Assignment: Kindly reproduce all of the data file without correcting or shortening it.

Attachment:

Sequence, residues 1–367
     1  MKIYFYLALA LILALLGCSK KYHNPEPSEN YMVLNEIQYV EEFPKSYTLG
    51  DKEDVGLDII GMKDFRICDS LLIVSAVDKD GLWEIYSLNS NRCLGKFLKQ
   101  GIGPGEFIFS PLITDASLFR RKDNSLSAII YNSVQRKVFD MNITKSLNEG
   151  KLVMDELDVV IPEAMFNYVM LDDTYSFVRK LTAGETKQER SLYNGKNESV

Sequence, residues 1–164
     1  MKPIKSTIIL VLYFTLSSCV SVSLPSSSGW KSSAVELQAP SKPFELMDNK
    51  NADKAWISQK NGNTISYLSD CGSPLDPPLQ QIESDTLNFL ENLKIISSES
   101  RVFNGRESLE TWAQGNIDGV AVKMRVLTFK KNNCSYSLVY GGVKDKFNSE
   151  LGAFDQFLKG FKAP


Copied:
Sequence, residues 1–367
     1  MKIYFYLALA LILALLGCSK KYHNPEPSEN YMVLNEIQYV EEFPKSYTLG
    51  DKEDVGLDII GMKDFRICDS LLIVSAVDKD GLWEIYSLNS NRCLGKFLKQ
   101  GIGPGEFIFS PLITDASLFR RKDNSLSAII YNSVQRKVFD MNITKSLNEG
   151  KLVMDELDVV IPEAMFNYVM LDDTYSFVRK LTAGETKQER SLYNGKNESV

Sequence, residues 1–164
     1  MKPIKSTIIL VLYFTLSSCV SVSLPSSSGW KSSAVELQAP SKPFELMDNK
    51  NADKAWISQK NGNTISYLSD CGSPLDPPLQ QIESDTLNFL ENLKIISSES
   101  RVFNGRESLE TWAQGNIDGV AVKMRVLTFK KNNCSYSLVY GGVKDKFNSE
   151  LGAFDQFLKG FKAP